Pregnancy is an incredibly sacred time. Your body is changing and accommodating to grow a precious, beautiful life within.

You’ll definitely need to choose what you’re putting in your body carefully to help that incredible baby develop and give him or her the healthiest start possible. The idea of “eating for two” is not really true- some researchers believe that excessive weight gain during pregnancy can actually contribute to a more difficult birth and other health complications. There’s no need to double your caloric intake simply because you’re pregnant, or let all dietary rules leap out the window. Besides, you don’t want to put less than ideal, processed foods in your body that would end up in the baby. But you will need to increase your caloric intake by about 300 calories per day. There are also certain nutrients you should make a special effort to get more of in your diet while you’re at it. Choose your foods wisely!

Consume More of These 7 Nutrients:

There’s really not much that you need to consume when you’re pregnant that you didn’t need when you weren’t pregnant. You’ll need to increase your intake of certain nutrients, though, because they’re especially helpful for preventing birth defects and reducing the likelihood of complications.

1. Folate/Folic Acid

Folate (found naturally in foods) and folic acid (the supplement) are especially important the first 28 days after conception. Since you may not know you’re pregnant right away, consider increasing your intake if you’re trying to get pregnant and continue throughout the pregnancy. The CDC actually recommends folic acid supplements, but you can also increase your folate consumption to meet the RDA prior to pregnancy with foods like leafy greens, fruits, fruit juices (skip the store-bought juices, though, and juice your own!), nuts, beans, peas, and grains. Take a look:

  • 1 cup of raw spinach has 58 mcg and a cup of cooked, drained, unsalted spinach contains a whopping 263 mcg
  • 1/2 cup of raw, sliced avocado has 59 mcg
  • 1 cup of shredded romaine lettuce has 64 mcg
  • 4 spears of boiled asparagus have 89 mcg (or 134 per cup); 70 mcg per cup of raw asparagus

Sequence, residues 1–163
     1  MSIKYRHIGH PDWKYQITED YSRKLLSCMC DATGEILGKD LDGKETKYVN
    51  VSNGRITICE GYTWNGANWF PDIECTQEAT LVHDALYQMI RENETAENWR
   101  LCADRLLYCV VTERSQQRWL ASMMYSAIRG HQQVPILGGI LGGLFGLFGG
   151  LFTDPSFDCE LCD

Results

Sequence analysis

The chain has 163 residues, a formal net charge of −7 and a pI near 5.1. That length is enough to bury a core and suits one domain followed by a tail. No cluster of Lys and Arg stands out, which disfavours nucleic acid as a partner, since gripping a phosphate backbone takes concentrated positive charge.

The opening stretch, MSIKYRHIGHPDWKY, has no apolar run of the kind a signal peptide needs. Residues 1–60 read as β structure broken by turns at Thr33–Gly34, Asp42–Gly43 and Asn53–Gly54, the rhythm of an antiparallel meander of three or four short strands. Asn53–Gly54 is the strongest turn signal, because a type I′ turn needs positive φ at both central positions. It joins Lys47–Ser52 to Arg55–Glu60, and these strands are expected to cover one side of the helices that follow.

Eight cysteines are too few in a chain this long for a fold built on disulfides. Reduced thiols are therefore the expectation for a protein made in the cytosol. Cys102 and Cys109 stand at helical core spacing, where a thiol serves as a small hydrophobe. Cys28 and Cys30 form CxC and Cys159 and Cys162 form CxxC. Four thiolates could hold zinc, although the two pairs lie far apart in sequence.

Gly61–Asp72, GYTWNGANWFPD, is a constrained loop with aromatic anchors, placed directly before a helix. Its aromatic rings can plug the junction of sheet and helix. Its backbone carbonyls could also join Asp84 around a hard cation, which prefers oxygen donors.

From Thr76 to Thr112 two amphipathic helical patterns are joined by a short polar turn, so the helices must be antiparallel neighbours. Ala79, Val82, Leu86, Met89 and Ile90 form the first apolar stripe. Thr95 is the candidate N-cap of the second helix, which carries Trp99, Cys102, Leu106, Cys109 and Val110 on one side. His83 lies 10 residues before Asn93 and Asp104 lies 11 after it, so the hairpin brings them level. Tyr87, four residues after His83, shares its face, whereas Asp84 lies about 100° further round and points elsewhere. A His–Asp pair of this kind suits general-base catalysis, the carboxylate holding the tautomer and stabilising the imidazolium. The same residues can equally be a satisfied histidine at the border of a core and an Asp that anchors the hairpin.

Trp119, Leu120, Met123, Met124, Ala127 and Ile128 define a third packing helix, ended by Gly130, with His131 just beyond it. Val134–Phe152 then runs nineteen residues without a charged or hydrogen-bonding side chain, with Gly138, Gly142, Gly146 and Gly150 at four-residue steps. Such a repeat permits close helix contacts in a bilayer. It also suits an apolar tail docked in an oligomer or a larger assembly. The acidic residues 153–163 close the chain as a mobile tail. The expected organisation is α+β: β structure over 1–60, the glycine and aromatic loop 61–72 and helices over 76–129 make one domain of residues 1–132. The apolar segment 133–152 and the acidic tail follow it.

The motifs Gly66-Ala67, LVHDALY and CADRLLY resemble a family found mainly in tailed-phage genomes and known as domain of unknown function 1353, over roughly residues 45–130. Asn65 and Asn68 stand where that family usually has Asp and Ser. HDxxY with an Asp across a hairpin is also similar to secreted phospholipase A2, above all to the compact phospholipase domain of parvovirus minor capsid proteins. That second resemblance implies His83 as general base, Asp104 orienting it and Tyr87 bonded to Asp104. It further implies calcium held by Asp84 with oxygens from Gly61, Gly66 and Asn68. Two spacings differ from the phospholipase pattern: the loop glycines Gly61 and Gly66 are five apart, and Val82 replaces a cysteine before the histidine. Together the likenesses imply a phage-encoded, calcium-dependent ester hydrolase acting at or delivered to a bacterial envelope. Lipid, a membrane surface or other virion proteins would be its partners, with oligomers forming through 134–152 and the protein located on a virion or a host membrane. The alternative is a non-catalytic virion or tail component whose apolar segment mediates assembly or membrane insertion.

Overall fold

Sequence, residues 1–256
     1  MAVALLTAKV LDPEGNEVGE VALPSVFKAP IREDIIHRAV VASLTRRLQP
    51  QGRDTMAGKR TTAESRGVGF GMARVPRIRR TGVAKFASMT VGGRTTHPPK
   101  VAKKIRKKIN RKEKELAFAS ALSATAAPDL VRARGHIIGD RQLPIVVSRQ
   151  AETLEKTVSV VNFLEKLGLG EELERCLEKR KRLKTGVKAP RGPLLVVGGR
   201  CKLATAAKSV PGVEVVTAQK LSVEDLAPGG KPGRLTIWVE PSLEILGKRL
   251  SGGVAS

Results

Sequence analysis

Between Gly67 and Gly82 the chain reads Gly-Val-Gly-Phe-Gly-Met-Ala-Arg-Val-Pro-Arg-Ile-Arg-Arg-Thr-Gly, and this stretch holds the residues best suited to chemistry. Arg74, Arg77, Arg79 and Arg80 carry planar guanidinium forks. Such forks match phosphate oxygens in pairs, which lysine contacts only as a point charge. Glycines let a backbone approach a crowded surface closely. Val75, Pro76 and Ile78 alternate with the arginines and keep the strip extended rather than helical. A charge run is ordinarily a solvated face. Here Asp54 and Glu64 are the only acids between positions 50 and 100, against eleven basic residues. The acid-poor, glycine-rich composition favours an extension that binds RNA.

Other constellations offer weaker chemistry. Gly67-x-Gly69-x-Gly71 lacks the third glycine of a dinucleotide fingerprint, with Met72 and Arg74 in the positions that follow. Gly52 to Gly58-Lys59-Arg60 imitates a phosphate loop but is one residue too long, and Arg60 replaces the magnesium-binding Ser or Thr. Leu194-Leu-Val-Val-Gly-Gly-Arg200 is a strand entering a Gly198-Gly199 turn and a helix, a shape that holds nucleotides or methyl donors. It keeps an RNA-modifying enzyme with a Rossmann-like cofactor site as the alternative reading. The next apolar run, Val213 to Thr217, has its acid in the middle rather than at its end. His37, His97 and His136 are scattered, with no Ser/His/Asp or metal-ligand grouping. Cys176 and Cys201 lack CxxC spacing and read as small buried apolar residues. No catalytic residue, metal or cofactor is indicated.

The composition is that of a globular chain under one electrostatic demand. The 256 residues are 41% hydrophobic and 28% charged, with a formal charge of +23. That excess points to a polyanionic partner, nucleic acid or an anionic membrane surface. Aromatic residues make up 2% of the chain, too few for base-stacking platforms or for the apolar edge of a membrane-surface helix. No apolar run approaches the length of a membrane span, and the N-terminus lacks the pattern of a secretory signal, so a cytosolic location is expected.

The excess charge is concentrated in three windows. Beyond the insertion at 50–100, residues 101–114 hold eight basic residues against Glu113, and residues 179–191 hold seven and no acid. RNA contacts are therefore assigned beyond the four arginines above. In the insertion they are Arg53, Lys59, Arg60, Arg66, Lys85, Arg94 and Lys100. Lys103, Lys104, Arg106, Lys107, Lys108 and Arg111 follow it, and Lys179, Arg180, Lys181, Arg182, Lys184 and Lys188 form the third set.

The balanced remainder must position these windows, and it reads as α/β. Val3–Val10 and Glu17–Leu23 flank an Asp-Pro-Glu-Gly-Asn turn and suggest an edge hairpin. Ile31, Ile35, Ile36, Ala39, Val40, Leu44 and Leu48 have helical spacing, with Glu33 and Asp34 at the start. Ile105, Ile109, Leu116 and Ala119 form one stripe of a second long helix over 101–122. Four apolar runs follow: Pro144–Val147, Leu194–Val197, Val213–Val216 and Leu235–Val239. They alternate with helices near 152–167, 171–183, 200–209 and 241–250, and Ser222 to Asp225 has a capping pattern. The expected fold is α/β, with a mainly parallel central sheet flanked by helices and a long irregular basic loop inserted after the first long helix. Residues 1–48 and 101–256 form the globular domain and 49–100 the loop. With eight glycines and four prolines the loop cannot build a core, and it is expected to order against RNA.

• 1/2 cup of cubed papaya has 27 mcg
  • 1 cup of cooked Brussels sprouts contains 47 mcg, and one cup raw gives you 54 mcg 
  • 1 cup of cooked quinoa has 78 mcg
  • Parsley has 91 mcg in one cup

The recommended daily amount to decrease the likelihood of neural tube defects like spinal bifida and anencephaly is 400 mcg. My Raw Tabouli Salad with Hemp Seeds gives you folic acid (via lots of parsley!) and omega-3s, which are also important during pregnancy.

2. Omega-3schia seeds

Eat your chia seeds! Many women don’t get enough omega-3s while they’re pregnant (DHA is especially important for a developing fetus). Some women have been trained to believe that the best–or only–source of omega-3s is fish, and when they learn that certain types of fish, in fact, can be dangerous because of their mercury content, they may cut back on seafood without replacing the omega-3s in their diet.

A fetus’ exposure to mercury in the womb could result in mental retardation, cerebral palsy, deafness, and blindness, but both baby and mom need omega-3s. Since the consumption of seafood should be severely limited (no more than 12 oz. per week, or roughly two meals) during pregnancy, but omega-3 fatty acids are beneficial for healthy neurological and eye development in the baby, women have to seek out other sources. Luckily for Beauty Detoxers, we know that you can get your omega-3s from seeds, nuts, algae (including seaweed), and avocados.  Pregnant women need 300 mg of omega-3s per day. If you’re still concerned, algae-based DHA supplements are available. DHA may not be present in your prenatal vitamins.